Table 2 Mean scores for Hepatitis B virus related knowledge, perception and infection prevention practices in the control and intervention groups at baseline

Personal-level dispositions of the respondent at 14th week follow-up

The results from pairwise comparison at 14th week follow-up of mean scores for personal-level dispositions of the participants for all groups except Control regarding HBV infection and its prevention between baseline and 14th week Follow-up demonstrated significant differences. (See Table 3).

Table 3 Comparison of mean scores for Hepatitis B related knowledge, perception and prevention practices baseline and after the intervention

Impact of the intervention on the outcome variable at 14th week follow-up

The effect size (ES) with their respective 95% confidence intervals computed for HBV infection prevention practices in the experimental groups E1, E2, E2 are 2.02(1.50 to 2.53), 3.11(2.66 to 3.55), and 2.54(2.05 to 3.03) whereas, ES for control is 0.02(-0.395 to 0.437). This results demonstrates clearly that the intervention directed by peer educators reported the strongest influence on HBV infection prevention practices of participants in the study with the least impact in the control group (See, Table 4).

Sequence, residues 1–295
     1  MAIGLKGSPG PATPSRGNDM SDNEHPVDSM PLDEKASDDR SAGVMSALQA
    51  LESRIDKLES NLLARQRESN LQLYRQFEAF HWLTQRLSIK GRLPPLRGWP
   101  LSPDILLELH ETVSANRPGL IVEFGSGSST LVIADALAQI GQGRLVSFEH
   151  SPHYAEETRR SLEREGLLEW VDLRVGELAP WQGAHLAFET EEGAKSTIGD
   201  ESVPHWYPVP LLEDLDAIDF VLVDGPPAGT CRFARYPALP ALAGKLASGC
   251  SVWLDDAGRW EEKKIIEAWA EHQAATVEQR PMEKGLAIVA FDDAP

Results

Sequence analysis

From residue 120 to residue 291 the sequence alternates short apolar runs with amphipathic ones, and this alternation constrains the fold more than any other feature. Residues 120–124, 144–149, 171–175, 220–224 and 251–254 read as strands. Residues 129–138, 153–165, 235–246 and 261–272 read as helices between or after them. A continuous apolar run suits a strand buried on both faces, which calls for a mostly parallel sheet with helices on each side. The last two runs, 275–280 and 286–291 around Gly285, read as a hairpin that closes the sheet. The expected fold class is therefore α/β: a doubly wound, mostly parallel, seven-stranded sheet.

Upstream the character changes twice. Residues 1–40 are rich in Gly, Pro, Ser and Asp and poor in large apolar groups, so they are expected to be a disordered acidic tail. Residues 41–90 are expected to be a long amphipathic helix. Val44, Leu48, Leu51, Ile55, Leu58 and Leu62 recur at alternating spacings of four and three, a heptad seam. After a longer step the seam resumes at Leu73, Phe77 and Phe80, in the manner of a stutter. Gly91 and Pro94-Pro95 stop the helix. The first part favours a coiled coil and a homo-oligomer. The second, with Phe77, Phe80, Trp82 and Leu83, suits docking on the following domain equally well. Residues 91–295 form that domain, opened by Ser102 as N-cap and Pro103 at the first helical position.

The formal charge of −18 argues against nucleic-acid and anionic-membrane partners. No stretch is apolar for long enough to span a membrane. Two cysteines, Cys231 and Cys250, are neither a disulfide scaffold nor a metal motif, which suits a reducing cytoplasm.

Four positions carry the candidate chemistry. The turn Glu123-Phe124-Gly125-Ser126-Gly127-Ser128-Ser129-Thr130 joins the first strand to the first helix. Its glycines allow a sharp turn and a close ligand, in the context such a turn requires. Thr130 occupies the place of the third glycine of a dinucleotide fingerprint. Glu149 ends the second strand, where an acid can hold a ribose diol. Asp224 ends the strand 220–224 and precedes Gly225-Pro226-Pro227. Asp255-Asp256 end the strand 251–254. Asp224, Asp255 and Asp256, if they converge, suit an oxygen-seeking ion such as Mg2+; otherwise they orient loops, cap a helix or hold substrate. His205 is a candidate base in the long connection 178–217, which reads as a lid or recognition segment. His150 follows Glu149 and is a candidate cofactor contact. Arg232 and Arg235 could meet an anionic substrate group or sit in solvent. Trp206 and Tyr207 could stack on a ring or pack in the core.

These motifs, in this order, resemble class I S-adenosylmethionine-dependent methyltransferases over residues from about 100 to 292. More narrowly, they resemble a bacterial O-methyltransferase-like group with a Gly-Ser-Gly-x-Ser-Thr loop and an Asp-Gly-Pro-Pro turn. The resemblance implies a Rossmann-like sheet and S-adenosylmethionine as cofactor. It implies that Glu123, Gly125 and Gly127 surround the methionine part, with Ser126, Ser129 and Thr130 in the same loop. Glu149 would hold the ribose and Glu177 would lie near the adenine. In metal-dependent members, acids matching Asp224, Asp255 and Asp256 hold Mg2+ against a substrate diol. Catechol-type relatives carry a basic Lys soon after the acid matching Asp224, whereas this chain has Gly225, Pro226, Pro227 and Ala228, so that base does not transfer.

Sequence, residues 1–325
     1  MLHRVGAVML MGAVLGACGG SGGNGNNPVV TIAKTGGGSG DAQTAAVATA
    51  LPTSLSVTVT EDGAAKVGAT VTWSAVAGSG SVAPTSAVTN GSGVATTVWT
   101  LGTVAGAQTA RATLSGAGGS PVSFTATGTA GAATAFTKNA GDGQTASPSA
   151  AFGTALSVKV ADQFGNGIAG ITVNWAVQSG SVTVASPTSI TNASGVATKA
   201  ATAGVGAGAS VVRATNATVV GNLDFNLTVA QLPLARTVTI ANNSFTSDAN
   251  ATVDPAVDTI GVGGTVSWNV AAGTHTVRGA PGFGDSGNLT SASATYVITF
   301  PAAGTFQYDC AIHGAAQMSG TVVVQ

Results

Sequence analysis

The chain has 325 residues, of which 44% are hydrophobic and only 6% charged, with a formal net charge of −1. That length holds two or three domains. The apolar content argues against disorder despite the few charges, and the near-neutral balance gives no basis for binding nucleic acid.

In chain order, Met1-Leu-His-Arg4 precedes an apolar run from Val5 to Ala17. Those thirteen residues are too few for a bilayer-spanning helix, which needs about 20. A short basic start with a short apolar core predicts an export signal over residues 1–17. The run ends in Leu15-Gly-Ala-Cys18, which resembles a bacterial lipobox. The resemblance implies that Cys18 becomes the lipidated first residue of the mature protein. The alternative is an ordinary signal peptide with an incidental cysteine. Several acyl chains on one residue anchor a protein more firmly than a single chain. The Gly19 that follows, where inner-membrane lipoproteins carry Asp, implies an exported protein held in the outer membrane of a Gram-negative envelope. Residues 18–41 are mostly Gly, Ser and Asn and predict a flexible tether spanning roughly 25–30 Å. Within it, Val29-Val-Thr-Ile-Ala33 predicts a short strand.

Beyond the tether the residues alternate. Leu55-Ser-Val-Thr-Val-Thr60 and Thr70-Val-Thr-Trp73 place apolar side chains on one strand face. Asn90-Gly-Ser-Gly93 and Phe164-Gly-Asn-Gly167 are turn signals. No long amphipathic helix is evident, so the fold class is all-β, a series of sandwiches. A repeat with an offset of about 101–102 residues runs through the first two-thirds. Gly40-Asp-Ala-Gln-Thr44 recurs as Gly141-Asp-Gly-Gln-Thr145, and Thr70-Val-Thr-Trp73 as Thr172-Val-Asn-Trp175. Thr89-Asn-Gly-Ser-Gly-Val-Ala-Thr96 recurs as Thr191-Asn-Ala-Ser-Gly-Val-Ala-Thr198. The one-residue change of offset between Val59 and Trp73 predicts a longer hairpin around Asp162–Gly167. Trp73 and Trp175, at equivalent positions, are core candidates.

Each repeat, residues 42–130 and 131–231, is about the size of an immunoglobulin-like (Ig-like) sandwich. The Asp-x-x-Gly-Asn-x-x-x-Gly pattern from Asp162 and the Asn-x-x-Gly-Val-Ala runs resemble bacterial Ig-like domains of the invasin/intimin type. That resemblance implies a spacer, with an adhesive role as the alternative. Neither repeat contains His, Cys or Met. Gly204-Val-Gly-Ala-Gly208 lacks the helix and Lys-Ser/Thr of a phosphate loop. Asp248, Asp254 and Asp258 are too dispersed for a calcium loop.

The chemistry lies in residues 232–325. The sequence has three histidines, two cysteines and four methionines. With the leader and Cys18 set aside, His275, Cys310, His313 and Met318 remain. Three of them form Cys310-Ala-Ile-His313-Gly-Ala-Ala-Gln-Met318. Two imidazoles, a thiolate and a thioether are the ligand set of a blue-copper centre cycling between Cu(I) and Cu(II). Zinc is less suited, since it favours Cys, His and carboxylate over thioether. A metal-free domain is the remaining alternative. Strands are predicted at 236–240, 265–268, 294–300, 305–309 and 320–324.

Table 4 Intervention effect on participant’s Hepatitis B virus infection knowledge, perception, and prevention practices


This study investigated the effect of school-based health education Program on hepatitis B infection prevention practices of in-school adolescents in Rural South-Western, Nigeria. The intervention modality adopted for this study was the educational and behavioral intervention structured around school-based Health Education Program and was factorial in design. This study sought to investigate the effect of theory-based educational intervention on Hepatitis B virus infection prevention practices involving, teacher-instructed, peer-directed and, a combination of the two programs as factorials considered among in-school adolescents in rural Ogun State, Nigeria. The study hypothesized that the magnitude of impact of the health education intervention on HBV infection prevention practices in the experimental groups will be significantly better than that observed in the control group.